Most Japanese wartime losses apart from the Tsingtau operation, were due to accidents, but in the Mediterranean, one destroyer was torpedoed and badly damaged.

    After the war, Japan joined the Allies in Far East operations against the Bolsheviks.
  11. In Regards to Singapore the IJN landed 158 marines from the ships Ottawa and Tsushima
  12. Thank you Archimedes
    This what I am looking for.
    The jap in WW II is well known.
    None of us old men out here had ever heard of jap atrocities during WW I and your reply is what I was hoping to find.
  13. Having recently visited the Yasukuni Jinja (shrine) Museum in Tokyo I can confirm that Japan did indeed participate in WW1 and were on our side. They even had naval units stationed in Gibralter (IIRC). Part of the exhibit is a Japanese military time line display running through several galleries and there are several pictures from WW1 including Japanese Navy ships stationed in the Med.

    As far as the question of atrocities goes none are mentioned (and I have never heard of any). However you can context this with the (very brief) section covering Nanking which says something along the lines of 'After capturing the city all Japanese troops were given orders to treat the local population with respect, which they obeyed'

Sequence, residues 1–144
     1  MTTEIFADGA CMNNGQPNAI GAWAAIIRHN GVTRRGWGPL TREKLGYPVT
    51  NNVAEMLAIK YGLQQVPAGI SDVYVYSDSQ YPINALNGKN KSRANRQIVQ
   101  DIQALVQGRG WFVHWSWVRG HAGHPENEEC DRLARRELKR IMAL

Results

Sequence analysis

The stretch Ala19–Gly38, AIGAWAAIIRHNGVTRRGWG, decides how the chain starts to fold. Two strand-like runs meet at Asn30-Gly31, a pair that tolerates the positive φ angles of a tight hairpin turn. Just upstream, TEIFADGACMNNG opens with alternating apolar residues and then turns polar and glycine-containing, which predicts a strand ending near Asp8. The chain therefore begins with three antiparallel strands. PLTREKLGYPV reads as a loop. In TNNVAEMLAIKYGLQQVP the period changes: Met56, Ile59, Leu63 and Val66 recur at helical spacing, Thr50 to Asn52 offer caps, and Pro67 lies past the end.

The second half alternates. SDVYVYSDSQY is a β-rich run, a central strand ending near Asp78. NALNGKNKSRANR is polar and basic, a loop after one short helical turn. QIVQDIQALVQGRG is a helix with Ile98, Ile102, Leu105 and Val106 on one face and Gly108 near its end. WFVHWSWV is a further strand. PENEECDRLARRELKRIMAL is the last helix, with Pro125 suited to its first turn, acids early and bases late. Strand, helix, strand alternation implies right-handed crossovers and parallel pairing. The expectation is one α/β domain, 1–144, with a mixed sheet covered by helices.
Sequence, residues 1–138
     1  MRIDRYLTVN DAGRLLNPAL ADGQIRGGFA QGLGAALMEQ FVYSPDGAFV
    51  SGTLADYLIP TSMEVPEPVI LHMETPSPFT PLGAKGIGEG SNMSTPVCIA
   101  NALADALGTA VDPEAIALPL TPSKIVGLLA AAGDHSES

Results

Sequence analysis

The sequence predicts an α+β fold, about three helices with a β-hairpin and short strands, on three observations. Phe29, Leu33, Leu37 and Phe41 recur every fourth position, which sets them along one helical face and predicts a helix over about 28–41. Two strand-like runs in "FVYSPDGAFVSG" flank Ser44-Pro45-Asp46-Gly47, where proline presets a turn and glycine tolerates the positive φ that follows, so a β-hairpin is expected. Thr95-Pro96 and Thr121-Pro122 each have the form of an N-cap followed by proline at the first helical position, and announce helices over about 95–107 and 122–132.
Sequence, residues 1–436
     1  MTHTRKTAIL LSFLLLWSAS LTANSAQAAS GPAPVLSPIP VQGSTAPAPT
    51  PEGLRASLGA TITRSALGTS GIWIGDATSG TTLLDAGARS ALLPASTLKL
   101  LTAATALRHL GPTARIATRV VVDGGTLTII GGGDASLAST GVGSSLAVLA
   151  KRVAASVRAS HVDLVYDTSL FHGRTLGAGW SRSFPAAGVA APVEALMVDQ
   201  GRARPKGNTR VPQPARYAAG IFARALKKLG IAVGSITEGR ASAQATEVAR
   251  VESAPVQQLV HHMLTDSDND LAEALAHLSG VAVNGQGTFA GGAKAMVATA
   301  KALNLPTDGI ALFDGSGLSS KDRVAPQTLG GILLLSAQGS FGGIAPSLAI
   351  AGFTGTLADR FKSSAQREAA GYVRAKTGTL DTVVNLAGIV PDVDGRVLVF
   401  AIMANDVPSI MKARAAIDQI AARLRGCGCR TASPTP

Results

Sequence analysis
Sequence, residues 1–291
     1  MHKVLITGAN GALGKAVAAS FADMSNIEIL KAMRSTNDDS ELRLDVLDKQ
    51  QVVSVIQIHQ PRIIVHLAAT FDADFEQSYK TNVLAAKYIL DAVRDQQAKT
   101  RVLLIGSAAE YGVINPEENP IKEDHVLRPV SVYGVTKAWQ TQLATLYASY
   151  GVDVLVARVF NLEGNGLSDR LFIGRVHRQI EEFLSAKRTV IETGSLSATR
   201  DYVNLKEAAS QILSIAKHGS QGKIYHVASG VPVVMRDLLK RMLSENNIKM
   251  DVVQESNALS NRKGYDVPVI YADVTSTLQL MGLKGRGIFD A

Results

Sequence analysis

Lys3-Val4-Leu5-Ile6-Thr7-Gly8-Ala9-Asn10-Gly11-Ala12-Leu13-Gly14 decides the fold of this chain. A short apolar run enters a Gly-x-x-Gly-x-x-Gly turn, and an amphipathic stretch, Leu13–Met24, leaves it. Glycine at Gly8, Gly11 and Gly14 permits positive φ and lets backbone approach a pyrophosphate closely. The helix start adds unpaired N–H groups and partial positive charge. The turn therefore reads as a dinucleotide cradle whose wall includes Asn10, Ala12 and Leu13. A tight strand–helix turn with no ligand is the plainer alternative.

I wanted to take a photo at the time but a) the many locals in the gallery may have taken exception if they realised why I was doing it and b) they don't allow cameras in to most areas of the museum (perhaps for this very reason)

    It is a fascinating place though and ineresting to see the local perspective (or at least the government's perspective) on Japanese military history
  14. 'After capturing the city all Japanese troops were given orders to treat the local population with respect, which they obeyed'
    A classic of understatement.

    I was hoping to avoid any mention of the japs time in China and WW II and would like to hear from folk out there who will know more than I.
    I have an elderly Japanese couple live in the condo next to me. Ultra polite and correct, all you could hope for in neighbors.
    One of my friends out here is a German who turned 16 back in 45. A gentleman and as he has said to me if you did not attend the Hitler Youth for two weeks running, the knock on the door was for your parents not you.